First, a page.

Michael Vaughan meets Sarah Taylor: 'My issue was agoraphobia, not cricket – that's why I'm trying hypnosis'

Michael Vaughan
·5-min read
 Former England cricketer Sarah Taylor in Sussex Monday Nov. 18, 2019. - Christopher Pledger 
Former England cricketer Sarah Taylor in Sussex Monday Nov. 18, 2019. - Christopher Pledger

“It’s about planting nice seeds in your mind, replacing negative thoughts with happier ones and it can do wonders. If I can get that part of my life sorted then I’m laughing really.”

Sarah Taylor is describing the benefits of hypnosis. It is her new treatment for agoraphobia and she hopes it will help with her playing comeback in the Hundred this summer.

Taylor has just signed for the Welsh Fire, returning to the game she gave up in 2019 aged 30 when anxiety ended the career of one of the world’s best wicketkeepers. Now she sounds assured, life is better, she loves her teaching and coaching jobs and has separated the sport of cricket from the dark effects of anxiety.

“You have your negative, irrational thoughts with agoraphobia,” she says. “It affects me in regards to distance from a safe place. A safe place for me can be my car, my town, a house or hotel that I happen to be in. The fear of being too far away can set panic in. Hence why travel is an issue, I can’t do buses, trains, taxis or planes. I will struggle with the idea of using them so end up not doing something, just due to a fear of being trapped and unable to get back to what I consider a safe place.

“I just associated cricket with a lot of negativity and my anxiety grew into agoraphobia. It has taken me all this time to realise it was the anxiety and agoraphobia that was horrendous for me, not the cricket.”

Taylor is sat in front of a white board in a classroom at Bede’s School in Sussex where she works in the sports department as a sports development and life skills coach. “I can coach the cricket, and all that, but the kids can come to me if they are feeling anxious or need someone to talk to.”

Last month it was announced she had joined the staff at Sussex as part-time wicketkeeping coach working with the men’s team and academy players, breaking new ground for a woman in men’s sport.

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She says her England career is over, regardless of how well she performs for Welsh Fire, but could be persuaded to play franchise cricket if her treatment works. It was while having a net in January that she felt she could play again.

“I felt like I did back in 2006. I found that girl again,” she says. “I thought ‘oh my word’. I just needed time away to go back to what I know and what made me successful with the bat. You get 15 million coaches telling you 15 million different things. I had lost that girl I used to be. If ‘I can just keep these going I will be good here.’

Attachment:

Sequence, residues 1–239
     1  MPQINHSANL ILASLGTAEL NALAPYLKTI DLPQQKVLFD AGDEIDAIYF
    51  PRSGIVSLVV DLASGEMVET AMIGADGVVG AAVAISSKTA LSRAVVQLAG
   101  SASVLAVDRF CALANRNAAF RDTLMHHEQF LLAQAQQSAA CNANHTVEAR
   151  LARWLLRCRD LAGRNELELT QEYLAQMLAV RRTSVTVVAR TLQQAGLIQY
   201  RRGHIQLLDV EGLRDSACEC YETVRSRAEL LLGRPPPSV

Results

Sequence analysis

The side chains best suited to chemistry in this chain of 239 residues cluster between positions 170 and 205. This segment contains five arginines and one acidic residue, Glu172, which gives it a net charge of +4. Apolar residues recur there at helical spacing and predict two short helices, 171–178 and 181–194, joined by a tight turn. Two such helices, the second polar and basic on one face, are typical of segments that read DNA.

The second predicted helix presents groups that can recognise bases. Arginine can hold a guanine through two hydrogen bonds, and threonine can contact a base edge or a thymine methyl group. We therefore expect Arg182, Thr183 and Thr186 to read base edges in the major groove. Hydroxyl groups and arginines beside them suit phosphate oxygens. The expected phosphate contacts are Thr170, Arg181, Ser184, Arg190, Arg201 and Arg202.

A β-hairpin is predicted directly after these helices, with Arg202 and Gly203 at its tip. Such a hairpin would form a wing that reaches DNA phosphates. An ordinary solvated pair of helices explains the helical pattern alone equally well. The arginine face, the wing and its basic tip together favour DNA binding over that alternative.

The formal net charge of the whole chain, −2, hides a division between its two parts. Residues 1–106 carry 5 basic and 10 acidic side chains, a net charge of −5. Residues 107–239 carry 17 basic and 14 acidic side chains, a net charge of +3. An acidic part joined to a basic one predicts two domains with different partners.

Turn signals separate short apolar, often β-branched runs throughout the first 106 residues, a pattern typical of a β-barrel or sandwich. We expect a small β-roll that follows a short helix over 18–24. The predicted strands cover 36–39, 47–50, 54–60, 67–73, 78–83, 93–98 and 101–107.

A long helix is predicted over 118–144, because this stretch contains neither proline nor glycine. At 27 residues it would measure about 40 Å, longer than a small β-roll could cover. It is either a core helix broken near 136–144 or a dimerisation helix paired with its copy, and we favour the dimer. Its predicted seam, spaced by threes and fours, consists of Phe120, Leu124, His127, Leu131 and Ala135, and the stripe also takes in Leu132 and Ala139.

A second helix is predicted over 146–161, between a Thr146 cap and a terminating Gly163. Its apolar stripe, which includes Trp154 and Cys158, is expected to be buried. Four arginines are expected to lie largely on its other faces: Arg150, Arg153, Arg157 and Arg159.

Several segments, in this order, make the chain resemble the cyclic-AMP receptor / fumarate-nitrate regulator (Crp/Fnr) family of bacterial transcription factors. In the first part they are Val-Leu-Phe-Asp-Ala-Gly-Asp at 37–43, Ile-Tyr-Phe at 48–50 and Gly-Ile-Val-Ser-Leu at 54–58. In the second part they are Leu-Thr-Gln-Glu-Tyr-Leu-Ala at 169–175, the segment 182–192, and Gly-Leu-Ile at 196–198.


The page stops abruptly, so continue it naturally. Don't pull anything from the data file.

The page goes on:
“But I want to just be known as a worldwide keeping coach, that is my dream. It does not matter if male or female, but keeping coach for whoever. I have no aspirations to go near international cricket. I still have my own demons with international cricket. My own anxieties of playing international cricket will take a few years to die down.

“A lot of the girls I played with are still there as well so it is the wrong era for me so quite easy to park. Franchise stuff would be awesome and just to be able to travel the world. When the Sussex job was announced I got the odd idiot troll but I felt sorry for them really. Mainly it was an outpouring of best wishes and felt really normal. Why shouldn’t a woman coach men? I didn’t realise it would be such a gender thing. It just felt normal for me.”

South Africa's Trisha Chetty is stumped by England's Sarah Taylor during the ICC Women's World Cup Semi Final match at The County Ground, Bristol - David Davies /David Davies 
South Africa's Trisha Chetty is stumped by England's Sarah Taylor during the ICC Women's World Cup Semi Final match at The County Ground, Bristol - David Davies /David Davies

Playing for Welsh Fire is partly about coaching and learning from Matthew Mott, the team's coach who is also head coach of the Australia team that dominates women’s cricket. “I will be absorbing as much as I can.”

Teaching has helped. Working with a year five child who could not play a volley in tennis (“why can’t you just do it”) has made Sarah realise she has to work on communication skills after years in a high performance environment.

When I was made England captain I had lots of captaincy books. I had dinner with Mike Atherton, which was very useful. I spoke to Nasser Hussain too. But it was my Dad who gave me the best piece of advice. He said ‘always manage the person, not the player.’

So I ask Sarah how she approaches players. “I will quote Ian Salisbury [Sussex coach] here. He says ‘they won’t remember if you teach them a cover drive, but they will remember how you made them feel’. I have had coaches who have made me feel not so confident or comfortable. One of my first questions is what do you need, how do you need help with that? Not ‘this is what I think, let's do that.’ It is shaping the person more than the skills.

“I am very proud of the England career I had. I joined the squad when I had just turned 16 and just turned 17 when I went on my first tour. I had a long career even though it finished young. For me that chapter is firmly shut, this is a new chapter for me.

“I needed that break, to just get as far away from cricket as possible. Yes, I was in coaching at the school but I was thinking about someone else’s cricket, not mine. I was playing tennis with a year 5 at 9am on a Monday morning and you could not have got further from the life I just had but it was really refreshing and I needed it. I did resent cricket a little bit. I just wanted to forget about my career for a little bit and that was the best way to do it.”

Now she is back and it is great to see her relishing a “new chapter.”